Districts plan to offer summer learning
ALPENA — Several Northeast Michigan school districts are planning to offer summer school for students to help them reinforce or catch up on subjects learned in school this year.
Alpena Public Schools, Alcona Community Schools and Onaway Area Community School District are among those who will have summer school offerings.
Onaway Superintendent Rod Fullerton said with the exception of last summer, the school usually has a summer school every summer. Since the coronavirus pandemic has impacted student learning, summer school might look a little different.
“This year we’re anticipating there to be slightly more kids and a little bit longer — we’re doing an 8-week program and we’re also going to try to provide transportation, which is something we don’t usually do for summer school programming,” he said.
Fullerton said they will be targeting students from Kindergarten through eighth grade for the program with the focus of the program to be on reading and math.
Meaghan Gauthier, APS assistant superintendent for K-12 Curriculum, recently told the board of education’s Curriculum and Technology Committee she was putting a budget together and would be recruiting teachers for summer school and informing families of summer learning opportunities within the next month.
Gauthier said learning for kindergarten through second grade students would focus on literacy while students in third through fifth grade would focus on both reading and math. Summer learning for junior high school students would focus on reading and “key math standards.” High school students would be focused on credit recovery.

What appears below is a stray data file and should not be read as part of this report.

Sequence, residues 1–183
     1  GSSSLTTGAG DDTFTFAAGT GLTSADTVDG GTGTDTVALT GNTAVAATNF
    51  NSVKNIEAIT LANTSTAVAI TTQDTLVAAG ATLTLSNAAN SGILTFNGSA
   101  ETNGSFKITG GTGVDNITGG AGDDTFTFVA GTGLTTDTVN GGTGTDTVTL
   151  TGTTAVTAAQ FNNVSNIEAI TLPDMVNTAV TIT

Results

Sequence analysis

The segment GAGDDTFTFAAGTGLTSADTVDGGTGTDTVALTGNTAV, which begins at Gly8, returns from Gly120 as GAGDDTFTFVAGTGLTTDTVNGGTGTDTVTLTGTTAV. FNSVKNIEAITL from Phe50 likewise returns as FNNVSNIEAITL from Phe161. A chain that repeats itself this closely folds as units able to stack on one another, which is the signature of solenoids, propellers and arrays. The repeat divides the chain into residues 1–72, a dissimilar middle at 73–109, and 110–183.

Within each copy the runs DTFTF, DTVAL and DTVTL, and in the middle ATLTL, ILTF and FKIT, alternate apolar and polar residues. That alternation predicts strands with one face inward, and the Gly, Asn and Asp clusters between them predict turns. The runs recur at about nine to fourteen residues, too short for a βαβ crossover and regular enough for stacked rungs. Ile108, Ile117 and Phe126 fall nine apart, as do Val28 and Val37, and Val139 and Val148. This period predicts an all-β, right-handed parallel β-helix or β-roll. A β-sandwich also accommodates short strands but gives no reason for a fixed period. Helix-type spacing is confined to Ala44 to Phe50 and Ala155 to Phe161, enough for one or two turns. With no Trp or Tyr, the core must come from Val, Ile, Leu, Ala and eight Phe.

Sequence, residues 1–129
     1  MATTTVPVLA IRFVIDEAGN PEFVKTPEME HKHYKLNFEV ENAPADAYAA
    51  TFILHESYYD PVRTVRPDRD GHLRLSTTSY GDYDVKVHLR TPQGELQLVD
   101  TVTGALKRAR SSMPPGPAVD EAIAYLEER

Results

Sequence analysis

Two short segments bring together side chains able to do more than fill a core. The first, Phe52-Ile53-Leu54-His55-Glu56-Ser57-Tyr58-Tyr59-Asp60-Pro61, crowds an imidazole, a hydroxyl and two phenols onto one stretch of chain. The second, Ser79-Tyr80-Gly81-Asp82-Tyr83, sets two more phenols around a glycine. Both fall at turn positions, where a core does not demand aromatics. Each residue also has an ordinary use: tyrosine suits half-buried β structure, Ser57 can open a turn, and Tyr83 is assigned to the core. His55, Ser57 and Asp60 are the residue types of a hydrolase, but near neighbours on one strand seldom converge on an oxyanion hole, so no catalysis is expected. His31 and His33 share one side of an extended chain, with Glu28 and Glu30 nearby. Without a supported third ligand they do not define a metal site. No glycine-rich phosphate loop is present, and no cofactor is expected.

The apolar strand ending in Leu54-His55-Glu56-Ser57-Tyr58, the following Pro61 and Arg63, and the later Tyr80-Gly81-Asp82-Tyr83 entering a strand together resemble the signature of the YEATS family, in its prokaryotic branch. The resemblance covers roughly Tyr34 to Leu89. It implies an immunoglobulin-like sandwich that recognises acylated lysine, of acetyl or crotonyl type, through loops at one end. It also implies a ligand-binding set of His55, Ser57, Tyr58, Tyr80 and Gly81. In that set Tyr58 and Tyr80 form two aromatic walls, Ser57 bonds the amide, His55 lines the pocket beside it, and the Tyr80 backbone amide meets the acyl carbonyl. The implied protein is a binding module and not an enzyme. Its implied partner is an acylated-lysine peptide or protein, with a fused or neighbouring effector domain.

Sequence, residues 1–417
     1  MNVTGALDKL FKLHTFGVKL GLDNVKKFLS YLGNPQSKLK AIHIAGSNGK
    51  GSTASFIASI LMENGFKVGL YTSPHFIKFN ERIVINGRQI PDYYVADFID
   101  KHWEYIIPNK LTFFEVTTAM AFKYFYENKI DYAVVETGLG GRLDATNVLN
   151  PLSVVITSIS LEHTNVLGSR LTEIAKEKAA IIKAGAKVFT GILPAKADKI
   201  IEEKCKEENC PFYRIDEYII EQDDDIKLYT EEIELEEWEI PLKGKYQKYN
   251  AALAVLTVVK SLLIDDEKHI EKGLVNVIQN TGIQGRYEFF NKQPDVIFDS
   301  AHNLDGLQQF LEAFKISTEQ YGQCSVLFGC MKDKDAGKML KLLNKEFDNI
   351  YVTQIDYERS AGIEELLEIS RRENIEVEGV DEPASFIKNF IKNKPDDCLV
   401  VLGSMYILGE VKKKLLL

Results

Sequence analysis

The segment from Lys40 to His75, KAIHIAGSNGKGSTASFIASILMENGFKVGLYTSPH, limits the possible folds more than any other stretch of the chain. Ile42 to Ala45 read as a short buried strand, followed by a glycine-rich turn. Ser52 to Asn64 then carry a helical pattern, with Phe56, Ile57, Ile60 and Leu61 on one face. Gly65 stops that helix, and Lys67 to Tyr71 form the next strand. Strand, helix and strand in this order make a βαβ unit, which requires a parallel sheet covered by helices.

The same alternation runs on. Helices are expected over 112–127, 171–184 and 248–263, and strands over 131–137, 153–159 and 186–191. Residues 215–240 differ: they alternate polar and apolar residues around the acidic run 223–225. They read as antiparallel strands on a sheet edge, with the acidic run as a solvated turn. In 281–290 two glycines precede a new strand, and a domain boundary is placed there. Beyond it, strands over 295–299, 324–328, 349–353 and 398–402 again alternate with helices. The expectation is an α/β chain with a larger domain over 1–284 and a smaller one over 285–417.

“I will have all of the nuts and bolts laid out for you next month,” she told the committee.
Alcona Community Schools Superintendent Dan O’Connor said the district will be doing a three week “jump start” the first two weeks in August.
O’Connor said the district would help students in kindergarten through eighth grade recover a bit of learning that may have been lost because of the up-and-down school year. He said it would also serve as a nice jump start into what school officials hope will be a more stable school year this fall.
Summer school for high school students would primarily consist of credit recovery.
“Credit recovery for our high school students will be ongoing throughout the summer,” he said.
O’Connor said the district will utilize federal Elementary and Secondary School Emergency Relief funds, which will be used to pay teachers for summer school.
Calls to Rogers City Area Schools Superintendent Nick Hein, Hillman Community Schools and Atlanta Community Schools Superintendent Carl Seiter, and Posen Consolidated Schools Superintendent Michelle Wesner were not immediately returned.